Altmetrics and Societal Impact

Altmetrics and Societal Impact

What is the societal impact of scholarly research?

As the communication of research increasingly takes place on social media and other online platforms, there is enormous potential to capture and analyze digital traces left by scholars. This offers, for the first time, the opportunity to study at large scale—using both quantitative and qualitative methods—the processes of knowledge dissemination and co-creation between academia and the public.

Taking advantage of this opportunity, this project uses a variety of innovative new approaches to explore the societal impact of research. Drawing on data from a diverse array of digital platforms, we are investigating questions such as: Who shares academic work on social media? What can Altmetrics tell us about the public's use of research? How might scholars use this knowledge to inform their dissemination strategies? And what information is missing from the picture?

Related Publications

Butler, L.-A., Hare, M., Schönfelder, N., Schares, E., Alperin, J. P., & Haustein, S. (2024). Open dataset of annual Article Processing Charges (APCs) of gold and hybrid journals published by Elsevier, Frontiers, MDPI, PLOS, Springer-Nature and Wiley 2019-2023. Harvard Dataverse. https://doi.org/10.7910/DVN/CR1MMV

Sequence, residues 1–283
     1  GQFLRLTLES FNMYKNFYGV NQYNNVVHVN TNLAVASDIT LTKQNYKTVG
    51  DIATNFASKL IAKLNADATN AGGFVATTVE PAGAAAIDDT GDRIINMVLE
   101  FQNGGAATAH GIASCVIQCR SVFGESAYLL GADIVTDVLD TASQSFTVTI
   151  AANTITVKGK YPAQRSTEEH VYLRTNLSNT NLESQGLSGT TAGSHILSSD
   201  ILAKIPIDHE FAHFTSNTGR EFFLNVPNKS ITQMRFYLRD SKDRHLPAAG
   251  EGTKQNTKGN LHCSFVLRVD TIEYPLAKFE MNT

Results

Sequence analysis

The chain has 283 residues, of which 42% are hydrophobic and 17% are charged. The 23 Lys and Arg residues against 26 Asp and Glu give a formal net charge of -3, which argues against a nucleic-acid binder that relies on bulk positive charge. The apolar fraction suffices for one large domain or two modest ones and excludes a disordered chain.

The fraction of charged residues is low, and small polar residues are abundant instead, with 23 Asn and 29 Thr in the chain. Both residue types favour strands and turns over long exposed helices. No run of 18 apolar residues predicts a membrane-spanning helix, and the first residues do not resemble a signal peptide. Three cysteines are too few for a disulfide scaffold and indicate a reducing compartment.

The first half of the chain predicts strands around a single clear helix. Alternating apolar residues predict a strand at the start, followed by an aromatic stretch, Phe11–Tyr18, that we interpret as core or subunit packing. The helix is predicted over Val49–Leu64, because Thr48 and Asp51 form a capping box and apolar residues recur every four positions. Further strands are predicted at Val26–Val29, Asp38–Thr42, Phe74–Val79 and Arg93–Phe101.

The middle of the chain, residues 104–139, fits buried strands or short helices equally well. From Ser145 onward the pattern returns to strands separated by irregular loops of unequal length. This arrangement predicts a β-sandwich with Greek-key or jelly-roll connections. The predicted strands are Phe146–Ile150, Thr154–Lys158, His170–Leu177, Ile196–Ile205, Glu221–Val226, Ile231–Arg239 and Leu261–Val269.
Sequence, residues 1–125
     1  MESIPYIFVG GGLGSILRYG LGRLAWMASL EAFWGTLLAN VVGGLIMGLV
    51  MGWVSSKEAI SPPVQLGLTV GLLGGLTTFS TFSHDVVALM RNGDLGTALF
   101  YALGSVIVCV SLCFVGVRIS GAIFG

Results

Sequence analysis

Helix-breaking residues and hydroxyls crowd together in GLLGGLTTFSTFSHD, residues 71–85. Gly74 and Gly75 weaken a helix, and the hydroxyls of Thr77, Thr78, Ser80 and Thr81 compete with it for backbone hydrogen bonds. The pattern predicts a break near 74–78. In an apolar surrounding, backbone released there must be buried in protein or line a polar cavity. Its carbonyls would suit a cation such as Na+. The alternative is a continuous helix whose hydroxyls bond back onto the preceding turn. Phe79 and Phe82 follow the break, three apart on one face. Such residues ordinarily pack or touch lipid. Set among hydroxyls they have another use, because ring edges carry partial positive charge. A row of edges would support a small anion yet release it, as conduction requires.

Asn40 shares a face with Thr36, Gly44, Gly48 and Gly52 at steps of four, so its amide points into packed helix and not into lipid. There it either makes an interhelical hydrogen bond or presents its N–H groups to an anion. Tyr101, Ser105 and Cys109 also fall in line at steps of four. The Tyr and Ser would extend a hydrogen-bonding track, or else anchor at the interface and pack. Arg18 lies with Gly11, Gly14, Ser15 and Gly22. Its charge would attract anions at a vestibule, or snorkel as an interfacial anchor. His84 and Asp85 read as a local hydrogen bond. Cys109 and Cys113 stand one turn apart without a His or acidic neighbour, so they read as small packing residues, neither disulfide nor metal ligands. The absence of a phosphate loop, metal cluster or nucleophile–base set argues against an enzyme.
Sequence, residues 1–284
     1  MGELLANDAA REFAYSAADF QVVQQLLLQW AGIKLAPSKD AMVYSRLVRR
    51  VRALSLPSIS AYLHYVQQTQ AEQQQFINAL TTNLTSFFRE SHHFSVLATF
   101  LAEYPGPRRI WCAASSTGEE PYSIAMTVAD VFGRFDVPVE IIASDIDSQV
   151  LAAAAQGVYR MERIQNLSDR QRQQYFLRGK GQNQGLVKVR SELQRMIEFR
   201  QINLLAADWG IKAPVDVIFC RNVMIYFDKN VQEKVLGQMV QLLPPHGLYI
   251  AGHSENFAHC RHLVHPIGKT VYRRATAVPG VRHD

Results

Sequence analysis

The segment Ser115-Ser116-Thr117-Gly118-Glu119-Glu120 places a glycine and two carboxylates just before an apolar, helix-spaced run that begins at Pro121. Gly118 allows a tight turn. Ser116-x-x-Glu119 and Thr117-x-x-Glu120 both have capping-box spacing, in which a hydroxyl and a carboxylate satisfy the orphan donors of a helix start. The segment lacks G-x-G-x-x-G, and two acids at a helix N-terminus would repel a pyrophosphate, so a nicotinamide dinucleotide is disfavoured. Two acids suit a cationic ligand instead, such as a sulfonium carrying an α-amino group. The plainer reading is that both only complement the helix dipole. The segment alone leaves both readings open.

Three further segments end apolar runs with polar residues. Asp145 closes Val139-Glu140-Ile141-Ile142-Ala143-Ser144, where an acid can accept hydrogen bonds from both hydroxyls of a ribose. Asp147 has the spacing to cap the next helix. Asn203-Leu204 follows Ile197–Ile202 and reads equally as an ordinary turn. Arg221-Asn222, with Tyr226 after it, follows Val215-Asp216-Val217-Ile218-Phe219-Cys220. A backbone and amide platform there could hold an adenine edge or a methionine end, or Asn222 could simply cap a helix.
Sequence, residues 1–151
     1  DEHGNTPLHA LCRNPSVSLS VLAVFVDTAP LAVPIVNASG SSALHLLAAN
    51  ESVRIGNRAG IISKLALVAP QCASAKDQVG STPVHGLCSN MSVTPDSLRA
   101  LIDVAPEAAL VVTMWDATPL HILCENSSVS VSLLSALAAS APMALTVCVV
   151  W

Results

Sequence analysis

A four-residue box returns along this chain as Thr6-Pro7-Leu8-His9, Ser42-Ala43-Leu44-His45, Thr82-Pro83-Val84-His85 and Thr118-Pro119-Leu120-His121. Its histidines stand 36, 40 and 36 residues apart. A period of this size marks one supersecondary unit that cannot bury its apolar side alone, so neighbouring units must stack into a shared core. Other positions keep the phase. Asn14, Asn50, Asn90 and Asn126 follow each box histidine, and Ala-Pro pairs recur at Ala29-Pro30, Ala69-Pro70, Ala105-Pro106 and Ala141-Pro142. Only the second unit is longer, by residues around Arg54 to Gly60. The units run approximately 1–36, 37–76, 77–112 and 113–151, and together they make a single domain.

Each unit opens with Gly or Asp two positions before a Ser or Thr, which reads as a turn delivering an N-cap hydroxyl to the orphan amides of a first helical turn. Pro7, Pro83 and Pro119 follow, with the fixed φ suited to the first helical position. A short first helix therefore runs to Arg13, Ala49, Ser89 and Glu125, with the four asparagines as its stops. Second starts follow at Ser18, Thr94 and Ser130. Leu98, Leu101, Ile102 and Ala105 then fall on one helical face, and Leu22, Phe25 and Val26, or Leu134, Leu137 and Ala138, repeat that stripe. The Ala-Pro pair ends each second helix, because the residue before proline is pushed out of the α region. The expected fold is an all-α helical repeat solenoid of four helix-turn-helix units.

Butler, L.-A., Hare, M., Schönfelder, N., Schares, E., Alperin, J. P., & Haustein, S. (2024). An open dataset of article processing charges from six large scholarly publishers (2019-2023) (No. arXiv:2406.08356). arXiv. http://arxiv.org/abs/2406.08356 Download
Alperin, J. P., Portenoy, J., Demes, K., Larivière, V., & Haustein, S. (2024). An analysis of the suitability of OpenAlex for bibliometric analyses (No. arXiv:2404.17663). arXiv. http://arxiv.org/abs/2404.17663 Download
Alperin, J. P., Fleerackers, A., Riedlinger, M., & Haustein, S. (2023). Second-order citations in altmetrics: a case study analyzing the audiences of COVID-19 research in the news and on social media. bioRxiv. https://doi.org/10.1101/2023.04.05.535734 Download
Maggio, L. A., Haustein, S., Costello, J. A., Driessen, E. W., & Artino Jr, A. R. (2022). Joining the meta-research movement: A bibliometric case study of the journal Perspectives on Medical Education. Perspectives on Medical Education, 11(3), 127–136. https://doi.org/10.1007/s40037-022-00717-9 Download
Rozemblum, C., Alperin, J. P., & Unzurrunzaga, C. (2021). Las limitaciones de Scopus como fuente de indicadores: Buscando una visibilidad integral para revistas argentinas en ciencias sociales. e-Ciencias de la Información, 11(2). https://doi.org/http://dx.doi.org/10.15517/eci.v11i2.44300 Download
De Oliveira, T. M., Barata, G., & Uribe-Tirado, A. (2021). Ten years of Altmetrics: a review of Latin America contributions. Journal of Scientometric Research, 10(1s), s102–s114. https://doi.org/https://doi.org/10.5530/jscires.10.1s.26
Barata, G., & Manica, D. (2020, November 6). Stem-cells from menstrual blood in Twitter: Paper attention on social media. The 2020 Altmetrics Workshop: The Future is Now, Virtual. https://www.semanticscholar.org/paper/Stem-cells-from-menstrual-blood-in-Twitter%3A-paper-Barata-Manica/08a060e69e4d340c2f291ebbb7c307fb13032006 Download Download